1996 All Over Again

With the dire situation in Ottawa, the CFL is about to take a 10 year step back after clawing back to respectability.

You may have heard about the situation in Ottawa coming to a head this week. By the bits and pieces I can pick up from various media reports in print and television the Renegades majority owner Bernie Glieberman will cease paying expenses at the end of March. The other owner, Bill Smith, has not covered any losses since ownership was restructured. Facing a deficit of $4-8 million in 2006 with no owner willing to cover losses has basically left the franchise insolvent. After talks with the parties this week the CFL will decide within the next 3-4 weeks whether a serious prospective buyer is out there. If not the other options are to suspend the franchise for a year while an owner is found (redoing the 2006 schedule as an eight team league), the league operating the team until an owner can be found, folding the franchise or moving the franchise to another location. Unfortunately the odds are on the team folding (50%) or it being suspended for a year (30%). I would say the chance of the league operating the team like it has in the past for so many franchises is slim, perhaps 10%. The chances an owner will be found are slim as well, perhaps 9%, while moving the franchise is a long shot at a 1% probability.

I have been sitting on writing a post on the CFL’s salary management system introduced this year and unfortunately I have to address it with this post about the Renegades. The Ottawa situation comes as a surprise since the losses they incurred last year (reportedly $3.8 million) were not known until recently, and word from Lonie Glieberman last fall was that the franchise was in good shape with their newly implemented business model to cut off-field expenditures. It is not a surprise considering the salary cap introduced this year, the departure of Lonie Glieberman a few weeks ago and the lack of season ticket subscriptions (around 2000) due to the streamlined front office (or the owners?).

The salary management system was meant to bring actual competitive balance to the league and was accepted by the 6 of the poorest franchises to pass 7-2 in favour. Either the reports on what was being spent by these poorer clubs under the previous system was false, or they would have to increase their player and coaching salary costs by about $1 million to remain competitive. Media reports around the Ottawa situation point to this new salary cap as one reason for Ottawa ownership issues. Going back to the original owners, it certainly is the case that they bought a franchise with a business plan made based on the previous salary cap of $2.8 million. They soon found that to compete for players in order to be successful, they would have to exceed this cap, destroying their business plan. After 3 years this led to the departure of half of the ownership group and the re-introduction of Bernie Glieberman as an Ottawa franchise owner. Even Mr. Glieberman was buying in under the impression of a then $2.8 million salary cap. In one year he was quickly shown this was a mirage, and a still uncompetitive team along with bad front office decisions left the franchise sliding in attendance.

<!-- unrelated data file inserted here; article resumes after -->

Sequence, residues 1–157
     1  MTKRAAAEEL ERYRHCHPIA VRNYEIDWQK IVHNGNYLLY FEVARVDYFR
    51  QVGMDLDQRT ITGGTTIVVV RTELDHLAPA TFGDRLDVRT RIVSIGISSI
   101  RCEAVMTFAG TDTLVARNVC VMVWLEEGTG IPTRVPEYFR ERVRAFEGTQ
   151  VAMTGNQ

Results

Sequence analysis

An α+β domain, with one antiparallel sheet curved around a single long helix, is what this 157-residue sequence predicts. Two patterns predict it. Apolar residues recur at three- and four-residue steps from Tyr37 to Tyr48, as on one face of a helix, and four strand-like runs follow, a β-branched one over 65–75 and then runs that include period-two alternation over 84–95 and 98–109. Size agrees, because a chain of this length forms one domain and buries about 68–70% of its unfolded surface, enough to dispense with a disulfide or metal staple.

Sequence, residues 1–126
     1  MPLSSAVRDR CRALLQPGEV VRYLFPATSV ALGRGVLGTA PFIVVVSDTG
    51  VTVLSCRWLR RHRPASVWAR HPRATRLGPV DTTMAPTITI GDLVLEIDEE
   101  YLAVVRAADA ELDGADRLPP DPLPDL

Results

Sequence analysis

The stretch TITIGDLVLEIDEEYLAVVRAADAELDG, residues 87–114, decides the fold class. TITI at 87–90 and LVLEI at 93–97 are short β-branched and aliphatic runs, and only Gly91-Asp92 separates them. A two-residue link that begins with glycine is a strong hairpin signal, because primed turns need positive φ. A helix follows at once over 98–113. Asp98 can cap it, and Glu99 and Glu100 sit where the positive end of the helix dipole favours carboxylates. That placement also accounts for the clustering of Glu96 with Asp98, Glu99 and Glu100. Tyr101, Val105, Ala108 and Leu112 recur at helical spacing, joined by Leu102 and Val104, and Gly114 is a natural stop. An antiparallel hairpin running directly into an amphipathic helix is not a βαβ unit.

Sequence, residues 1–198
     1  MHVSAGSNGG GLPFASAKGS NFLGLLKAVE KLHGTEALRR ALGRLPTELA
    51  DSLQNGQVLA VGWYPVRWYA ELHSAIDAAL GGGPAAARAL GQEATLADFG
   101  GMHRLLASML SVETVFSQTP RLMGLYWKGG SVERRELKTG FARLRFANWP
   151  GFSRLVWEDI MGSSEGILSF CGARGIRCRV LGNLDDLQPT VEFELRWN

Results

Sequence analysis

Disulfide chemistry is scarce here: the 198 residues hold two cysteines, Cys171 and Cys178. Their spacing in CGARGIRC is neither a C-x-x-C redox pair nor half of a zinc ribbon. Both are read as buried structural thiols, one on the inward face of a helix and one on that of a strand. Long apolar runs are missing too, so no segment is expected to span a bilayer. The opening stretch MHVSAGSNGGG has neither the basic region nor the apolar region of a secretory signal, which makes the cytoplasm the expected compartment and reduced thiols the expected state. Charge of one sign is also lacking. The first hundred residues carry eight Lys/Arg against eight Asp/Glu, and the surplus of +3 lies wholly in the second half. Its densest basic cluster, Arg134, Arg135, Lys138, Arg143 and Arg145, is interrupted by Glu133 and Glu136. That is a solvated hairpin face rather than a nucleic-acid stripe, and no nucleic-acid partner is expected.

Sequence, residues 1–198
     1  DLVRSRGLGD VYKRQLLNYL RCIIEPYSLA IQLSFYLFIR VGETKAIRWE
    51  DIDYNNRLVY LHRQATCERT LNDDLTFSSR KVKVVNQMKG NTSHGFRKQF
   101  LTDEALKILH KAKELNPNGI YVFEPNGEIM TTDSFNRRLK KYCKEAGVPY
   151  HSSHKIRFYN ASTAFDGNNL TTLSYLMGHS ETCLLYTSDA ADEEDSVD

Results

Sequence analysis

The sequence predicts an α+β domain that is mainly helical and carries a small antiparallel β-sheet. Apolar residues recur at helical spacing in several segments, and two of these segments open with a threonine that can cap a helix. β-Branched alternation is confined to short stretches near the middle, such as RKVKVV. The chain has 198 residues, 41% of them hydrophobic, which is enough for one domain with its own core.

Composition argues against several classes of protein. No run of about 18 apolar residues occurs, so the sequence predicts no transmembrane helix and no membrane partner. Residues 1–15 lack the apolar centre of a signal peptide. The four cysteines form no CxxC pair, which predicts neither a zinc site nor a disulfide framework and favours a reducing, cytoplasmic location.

However these media reports point to the objectors to the salary management system, David Braley (B.C.) and Robert Wetenhall (Montreal), also vocal opponents to Commissioner Tom Wright, as having an “I told you so moment” on the salary cap. However by all media reports these owners were against the salary cap not because they thought it should be reduced, but because they thought it should be higher or eliminated altogether. It was David Braley who started the salary cap discussions when reports of teams exceeding the existing cap became a media focused. He stated that the system was a floor, not a ceiling, and franchises were not breaking any CFL rules by exceeding it. By basically destroying any faith fans may have in a level playing field, he made it necessary for a new system to be put in place. My guess would be that the $3.8 million cap was chosen in large part to accommodate the rich franchises who were already exceeding the cap in an effort to get unanimous approval.

So in my mind the blame for the current Ottawa situation lies not only with Tom Wright, but with every franchise owner or board representative and very much on the rich franchise owners whose free spending has exceeded the growth of the league, jeopardizing the smaller market franchises. If the CFL struggles for a few years, or even comes to its demise, they won’t skip a beat, but the CFL fans will have years of suffering and anguish to deal with.

2 Responses to “1996 All Over Again”

  1. jim Says:

    The richer franchises always end up being the problem in every league unless you can somehow control it (which obviously is tough to do).

    But didn’t I read awhile back something about Windsor getting an expansion franchise? What happened with that?

  2. Jon Says:

    What you remember is Windsor (the mayor) saying they were interested when the Super Bowl was in Detroit and they were getting a lot of spillover attention. No matter where you go, you need someone with money and a stadium. Neither is easy to find.

    It’s a problem in every league, it’s just unfortunate that at the CFL’s level it is fatal to the league when it gets out of hand.

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  • August 29, 2007
    Gass Suspension Overturned → Apparently you can’t discipline an Eskimo. Perhaps a one game suspension is extreme, but the alternative of a CFL fine is too little. A league trying to eliminate after-whistle incidents, especially involving helmets, should be able to suspend a player and an arbitrator should not eliminate that possibility. #
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